- Blue Coat or Powdered Wig: Free People of Color in Pre-Revolutionary Saint Domingue
France acquired title to the western third of the island of Hispaniola in 1697. As the colony of Saint Domingue, this seductive land of rugged mountains and fertile coastal plains became in the eighteenth century one of the most densely populated spots on earth and the most precious jewel in France’s imperial diadem. Before transformation by slave revolution into the nation-state of Haiti in 1804, Saint Domingue led the world in sugar and coffee production and served as a locomotive, powering a dramatic expansion in France’s foreign trade. No country absorbed more of France’s overseas investments; only England surpassed Saint Domingue in absorbing the exports of the fledgling United States. Slave traders from such booming ports as Nantes and Bordeaux responded to the colony’s voracious demand for labor by supplying enslaved Africans in numbers that peaked at about 40,000 annually. By the census year of 1788, Saint Domingue, although only twice the size of Jamaica, had thousands of plantations and more than 400,000 slaves, more slaves than the contemporaneous states of Georgia, Virginia, and South Carolina combined.
At the same time, however, the free population amounted to little more than ten percent of the total, and a rapidly growing minority of free people of color was closing in on parity with the 28,000 or so white inhabitants. Stewart King’s book [End Page 811] concentrates on elite elements within this free-colored class as revealed largely through an exacting and imaginative analysis of 3250 notarial acts. These records represent the work of eight notaries from 1776 to 1789 in six parishes (Cap Francais, Fort Dauphin, Limonade, Port-au-Prince, Croix des Bouquets, and Mirebalais), located in two of Saint Domingue’s three provinces. The free people of color merit attention because they not only predominated in building the colony’s coffee industry, they also exerted disproportionate economic influence in urban trades and crafts and filled the ranks of the colonial militia and rural constabulary. When the slaves of the North Province revolted in 1791, free people of color owned about one-quarter of the colony’s slaves and about one-third of the land in plantations.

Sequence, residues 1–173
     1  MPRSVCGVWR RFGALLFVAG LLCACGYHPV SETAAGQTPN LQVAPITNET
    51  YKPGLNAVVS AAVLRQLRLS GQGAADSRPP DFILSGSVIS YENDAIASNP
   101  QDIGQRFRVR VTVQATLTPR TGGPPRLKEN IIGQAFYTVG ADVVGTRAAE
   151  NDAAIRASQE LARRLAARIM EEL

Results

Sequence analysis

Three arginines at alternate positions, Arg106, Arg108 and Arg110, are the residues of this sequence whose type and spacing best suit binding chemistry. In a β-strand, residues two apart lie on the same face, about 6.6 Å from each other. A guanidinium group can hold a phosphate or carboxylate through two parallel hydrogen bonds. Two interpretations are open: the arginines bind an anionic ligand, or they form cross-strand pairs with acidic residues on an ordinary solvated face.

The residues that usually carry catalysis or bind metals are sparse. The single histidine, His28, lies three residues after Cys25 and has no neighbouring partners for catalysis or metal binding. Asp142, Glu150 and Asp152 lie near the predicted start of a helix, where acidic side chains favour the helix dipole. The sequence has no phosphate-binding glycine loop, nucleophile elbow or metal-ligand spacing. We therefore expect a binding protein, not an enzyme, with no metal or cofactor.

King points out in the first of twelve chapters that Saint Domingue’s free coloreds had more reason than whites to legitimate their lives by availing themselves of the costly services of notaries, for a rising tide of legally-sanctioned discrimination was attempting to regulate, among other things, what clothes they could wear, what jobs they could hold, and even what surnames they could use. Based on his sampling of the notarial acts, King proceeds to argue for the existence in prerevolutionary Saint Domingue of two distinctive free-colored elites: one, a mixed-race planting elite, had close ties to big whites and owned substantial property in land and slaves; the other, a phenotypically darker military elite, also more entrepreneurial and urban oriented, advanced largely without white support but benefited from networks forged with other people of color. In devoting most of the rest of the book to comparing these groups to whites and to each other, King has many fresh things to say about free-colored marriages and families, manumission practices, entrepreneurship, housing, religiousness, color consciousness, godparenthood, status aspirations, social mobility, and sexual behavior. He explores the vital role of free-colored women in the accumulation of property that sustained many of the elite families. He also adds to and revises portraits of three free-colored notables: Julian Raimond, the loudest free-colored voice in the momentous debates about human rights in the French National Assembly in 1789; Vincent Ogé, a mulatto plutocrat who died in Saint Domingue one year later leading a free-colored revolt against the whites; and Toussaint Louverture, the most famous leader of the slave revolution, who before 1791 owned and managed slaves as a freedman in an extended family of slaveholders...